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|The Queen Who Would Be King -
Pharaoh Maatkare Hatshepsut
Hatshepsut was an 18th-dynasty pharaoh who was one of the handful of
female rulers in Ancient Egypt. Her reign was the longest of all the
female pharaohs. Her funerary temple still stands as a tribute to her
incredible rise to power.
Hatshepsut was the daughter of the Pharaoh Tuthmosis I and Queen Ahmose,
both of royal lineage.
Hatshepsut was married to her own half-brother, Tuthmosis II, with whom
she reigned for some 14 years. Realizing his sister-wife's ambitious
nature, Tuthmosis II declared his son by the harem girl Isis to be his
heir, but when the young Tuthmosis III came to the throne, Hatshepsut
became regent and promptly usurped his position as ruler.
To support her cause she claimed the God Amon-Ra spoke, saying "Welcome my
sweet daughter, my favorite, the king of Upper and Lower Egypt,
Maatkare,Hatshepsut. Thou art the King, taking possession of the Two
She dressed as a king, even wearing a false beard and the Egyptian people
seem to have accepted this unprecedented behavior.
Hatshepsut had herself portrayed in the royal headdress, sometimes as a
woman with prominent breasts but more often as male in body as well as
costume. Her self-promotion, which extended to a miraculous conception and
fictitious coronation in childhood, involved deliberately obscuring the
rightful ruler, Tuthmosis III, who was a man by the time he succeeded to
unfettered rulership in 1483 BC.
Hatshepsut accomplished what no woman had before her. She ruled the most
powerful, advanced civilization in the world. Her consort and true love
was her advisor, Senmut.
She remained in power for twenty years during which time the Egyptian
economy flourished. She expanded trade relations.
The Egyptians sent trading missions to Punt, a region of East Africa that
was rich in gold, resins, ebony, blackwood, ivory and wild animals,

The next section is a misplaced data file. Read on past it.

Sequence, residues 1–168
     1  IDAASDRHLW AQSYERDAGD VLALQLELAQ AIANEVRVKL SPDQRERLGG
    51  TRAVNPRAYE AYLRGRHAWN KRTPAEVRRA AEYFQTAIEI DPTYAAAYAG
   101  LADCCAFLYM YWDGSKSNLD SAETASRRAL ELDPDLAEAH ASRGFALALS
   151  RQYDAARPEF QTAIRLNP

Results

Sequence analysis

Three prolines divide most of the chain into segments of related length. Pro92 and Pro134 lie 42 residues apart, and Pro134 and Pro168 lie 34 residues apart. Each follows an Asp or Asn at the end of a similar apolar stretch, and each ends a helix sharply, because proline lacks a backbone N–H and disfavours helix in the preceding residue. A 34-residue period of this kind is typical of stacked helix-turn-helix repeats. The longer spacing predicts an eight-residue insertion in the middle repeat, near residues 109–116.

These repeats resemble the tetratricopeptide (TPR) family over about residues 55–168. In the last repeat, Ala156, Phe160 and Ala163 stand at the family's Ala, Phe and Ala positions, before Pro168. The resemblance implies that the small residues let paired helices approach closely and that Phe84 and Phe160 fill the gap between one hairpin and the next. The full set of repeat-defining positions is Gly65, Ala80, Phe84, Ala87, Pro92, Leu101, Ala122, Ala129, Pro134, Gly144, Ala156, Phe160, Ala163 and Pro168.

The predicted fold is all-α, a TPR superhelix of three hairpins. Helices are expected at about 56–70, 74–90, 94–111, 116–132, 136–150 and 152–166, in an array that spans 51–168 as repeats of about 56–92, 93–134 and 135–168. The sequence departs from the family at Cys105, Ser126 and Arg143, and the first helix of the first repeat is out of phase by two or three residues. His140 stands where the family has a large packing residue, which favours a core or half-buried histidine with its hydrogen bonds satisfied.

including monkeys and baboons. They also went in search of slaves. The
best-documented mission was sent during the reign of Hatshepsut. Scenes
from these expeditions are illustrated on her funerary temple at Deir
el-Bahari, near the Valley of the Kings.
She built magnificent temples as well as restoring many of the old ones,
most notably the great mortuary temple at Deir al-Bahari.
The mortuary temple of Queen Hatshepsut is one of the most dramatically
situated in the world. The queen's architect, Senmut, designed it and set
it at the head of a valley overshadowed by the Peak of the Thebes, the
"Lover of Silence," where lived the goddess who presided over the
necropolis. A tree lined avenue of sphinxes led up to the temple, and
ramps led from terrace to terrace.
The porticoes on the lowest terrace are out of proportion and coloring
with the rest of the building. They were restored in 1906 to protect the
celebrated reliefs depicting the transport of obelisks by barge to Karnak
and the miraculous birth of Queen Hatshepsut. Reliefs on the south side of
the middle terrace show the queen's expedition by way of the Red Sea to
Punt, the land of incense. Along the front of the upper terrace, a line of
large, gently smiling Osirid statues of the queen looked out over the
valley. In the shade of the colonnade behind, brightly painted reliefs
decorated the walls.
Hatshepsut disappeared in 1458 B.C. when Thutmose III, wishing to reclaim
the throne, led a revolt. Thutmose had her shrines, statues and reliefs
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